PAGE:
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University alumnus uses food truck to celebrate culture with a sweet treat

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Article Originally Published by Adrianna Barrera on North Texas Daily

Article Originally Published by Adrianna Barrera on North Texas Daily

Just off the Denton Square’s East Side food truck park sits a new, bright pink addition, El Cucuy Burritos.

Mark Kimberlin, university alumnus and Dallas native, opened the truck in September.

The truck originally opened to serve California-style burritos, but a new menu item has recently been added to the truck’s lineup: Thicc Boi Cookies. The name comes from the size and density of the cookies, and they have almost turned into their own brand that operates out of the truck, Kimberlin said.

After working in the restaurant industry for more than 10 years, Kimberlin said he decided he wanted the freedom he could get from having his own business.

“I’ve worked in restaurants at just about every capacity from waiting tables to kitchen management, so it’s nice to get things going on my own,” Kimberlin said. “I’m happy to be doing that.”

With hardly any start-up capital, the now-Denton resident said he put faith into his skills, employees and menu to bring his idea to fruition.

“This experience of starting up has been awesome and scary,” Kimberlin said. “It’s a big step to take and it’s a huge undertaking for some people, but I think it’s worked out so far.”

Kimberlin combined his art background, restaurant experience and love for cooking to create El Cucuy Burritos. The businessman comes up with the recipes for burritos and cookies on his own, with a savory side of the menu being a nod to Mexican cuisine and mythical figures.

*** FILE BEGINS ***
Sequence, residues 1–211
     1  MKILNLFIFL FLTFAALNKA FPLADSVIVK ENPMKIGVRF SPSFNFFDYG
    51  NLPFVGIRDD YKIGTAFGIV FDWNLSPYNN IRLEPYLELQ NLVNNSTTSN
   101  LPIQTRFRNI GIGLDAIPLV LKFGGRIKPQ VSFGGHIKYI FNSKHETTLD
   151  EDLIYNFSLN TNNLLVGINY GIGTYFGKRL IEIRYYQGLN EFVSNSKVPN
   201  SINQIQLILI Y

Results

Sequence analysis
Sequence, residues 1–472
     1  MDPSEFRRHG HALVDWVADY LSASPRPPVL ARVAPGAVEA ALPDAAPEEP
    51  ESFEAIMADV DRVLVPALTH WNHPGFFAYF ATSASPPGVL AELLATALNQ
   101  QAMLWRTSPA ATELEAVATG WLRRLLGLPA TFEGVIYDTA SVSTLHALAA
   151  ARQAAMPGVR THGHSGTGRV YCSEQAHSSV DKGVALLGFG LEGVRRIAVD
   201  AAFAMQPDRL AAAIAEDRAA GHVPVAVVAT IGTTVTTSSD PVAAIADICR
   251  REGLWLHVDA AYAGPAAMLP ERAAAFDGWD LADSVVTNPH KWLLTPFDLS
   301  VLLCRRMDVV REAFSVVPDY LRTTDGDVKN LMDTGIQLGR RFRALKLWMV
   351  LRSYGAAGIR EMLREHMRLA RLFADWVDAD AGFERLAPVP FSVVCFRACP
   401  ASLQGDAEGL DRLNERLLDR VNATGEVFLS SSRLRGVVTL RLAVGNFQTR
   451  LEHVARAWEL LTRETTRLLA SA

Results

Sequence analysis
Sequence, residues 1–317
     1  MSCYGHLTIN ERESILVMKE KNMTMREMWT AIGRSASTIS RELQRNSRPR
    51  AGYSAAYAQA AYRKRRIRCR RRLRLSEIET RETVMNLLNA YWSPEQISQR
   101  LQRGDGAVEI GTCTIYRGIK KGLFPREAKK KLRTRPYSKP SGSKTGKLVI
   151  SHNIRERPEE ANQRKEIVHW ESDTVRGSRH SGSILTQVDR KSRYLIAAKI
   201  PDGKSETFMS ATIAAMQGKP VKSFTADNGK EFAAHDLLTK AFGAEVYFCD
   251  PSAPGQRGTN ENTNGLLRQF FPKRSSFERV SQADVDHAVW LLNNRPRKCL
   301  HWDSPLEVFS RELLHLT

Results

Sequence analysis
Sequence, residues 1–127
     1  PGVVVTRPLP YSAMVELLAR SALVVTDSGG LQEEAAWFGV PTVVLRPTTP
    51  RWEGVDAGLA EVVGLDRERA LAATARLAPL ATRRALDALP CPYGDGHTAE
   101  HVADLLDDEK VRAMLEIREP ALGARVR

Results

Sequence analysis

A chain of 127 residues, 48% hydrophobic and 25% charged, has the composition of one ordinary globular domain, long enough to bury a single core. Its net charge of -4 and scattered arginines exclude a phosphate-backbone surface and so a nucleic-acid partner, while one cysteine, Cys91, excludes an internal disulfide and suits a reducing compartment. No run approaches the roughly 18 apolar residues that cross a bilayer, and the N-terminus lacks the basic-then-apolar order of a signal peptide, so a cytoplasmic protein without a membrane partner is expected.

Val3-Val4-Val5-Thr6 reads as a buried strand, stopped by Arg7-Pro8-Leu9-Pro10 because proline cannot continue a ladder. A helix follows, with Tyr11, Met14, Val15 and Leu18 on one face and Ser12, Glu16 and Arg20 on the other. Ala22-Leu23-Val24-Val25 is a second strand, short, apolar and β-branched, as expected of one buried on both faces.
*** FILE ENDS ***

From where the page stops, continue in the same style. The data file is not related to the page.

El Cucuy Burritos makes Mexican and Latin-themed burritos with names coming from folklores, such as La Llorona, El Chupacabra and the specialty El Cucuy.

“The food is meant to be inclusive and to tell stories of these cultures,” Kimberlin said. “I want people to come into El Cucuy and for it to be a cultural experience, so they come back wanting more of the story.”

Since its inception, the menu has grown to feature vegan items, specifically Carne Asada fries and Thicc Boi Cookies.

“They’re very dangerous because they’re addictive,” he said. “They’re all really good and our signature cookie base is what makes them all special and consistent and recognizable as ‘thicc bois.’”

Denton resident Eric Pauda, 33, said working for El Cucuy Cookies has been a positive experience.

“Mark is straightforward with his expectations and is just overall a cool guy,” Pauda said.

Pauda said Kimberlin’s recipes make the food truck special.

“The textures and flavors are amazing, and I think that is the key to their deliciousness,” Pauda said.

El Cucuy Burritos sources its ingredients from locally grown produce and prioritizes serving fresh food, according to its website. Kimberlin said selling good food starts with substantial ingredients, and he hopes his businesses’ integrity to flavor and culture is translated through the food.

“We always try to treat people right and create good food — that’s number one,” Kimberlin said. “Making sure our employees are happy and keeping customers happy is important to us.”

Dan Sullivan, Denton resident and Kimberlin’s friend, said he is happy for the new restaurateur.

“I’m super proud of him,” Sullivan said. “Watching him plan it all out, making recipes, just doing it all by himself from the start has been inspiring.”

Kimberlin hopes to eventually open a storefront for El Cucuy Burritos, but for now, he is taking small steps and celebrating his victories as they happen.

Going forward, Kimberlin wants to keep his food truck in the Denton area, and those interested can find the food truck parked at Austin Street Food Park or 117 E. Oak St., with updates appearing on the El Cucuy Burritos website or its Instagram @elcucuyburritos.

Image source @thiccycookies on Instagram

Source: North Texas Daily

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